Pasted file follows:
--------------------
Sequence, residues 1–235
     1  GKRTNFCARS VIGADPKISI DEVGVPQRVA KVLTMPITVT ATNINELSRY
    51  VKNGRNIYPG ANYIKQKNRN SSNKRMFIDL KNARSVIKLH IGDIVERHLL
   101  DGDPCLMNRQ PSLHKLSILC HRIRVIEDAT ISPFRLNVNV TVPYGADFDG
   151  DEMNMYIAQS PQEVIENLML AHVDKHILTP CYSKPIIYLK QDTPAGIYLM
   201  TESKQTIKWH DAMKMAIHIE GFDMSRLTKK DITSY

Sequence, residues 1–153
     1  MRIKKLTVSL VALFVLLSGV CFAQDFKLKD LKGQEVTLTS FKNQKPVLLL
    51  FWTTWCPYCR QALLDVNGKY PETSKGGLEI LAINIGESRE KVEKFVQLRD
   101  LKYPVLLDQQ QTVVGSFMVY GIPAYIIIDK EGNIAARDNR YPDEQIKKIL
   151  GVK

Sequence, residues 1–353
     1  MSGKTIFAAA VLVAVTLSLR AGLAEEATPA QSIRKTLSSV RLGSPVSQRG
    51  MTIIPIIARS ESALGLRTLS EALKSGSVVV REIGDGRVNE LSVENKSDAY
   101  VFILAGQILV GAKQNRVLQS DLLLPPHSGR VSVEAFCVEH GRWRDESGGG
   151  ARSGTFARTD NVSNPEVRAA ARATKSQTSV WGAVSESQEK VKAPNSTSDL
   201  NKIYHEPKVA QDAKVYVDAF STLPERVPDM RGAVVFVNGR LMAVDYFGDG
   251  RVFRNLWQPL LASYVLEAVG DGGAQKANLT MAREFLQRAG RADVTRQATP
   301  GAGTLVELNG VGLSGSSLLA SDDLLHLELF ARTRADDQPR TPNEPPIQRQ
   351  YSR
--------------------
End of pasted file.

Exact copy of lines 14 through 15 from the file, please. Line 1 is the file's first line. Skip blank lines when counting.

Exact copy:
    51  MTIIPIIARS ESALGLRTLS EALKSGSVVV REIGDGRVNE LSVENKSDAY
   101  VFILAGQILV GAKQNRVLQS DLLLPPHSGR VSVEAFCVEH GRWRDESGGG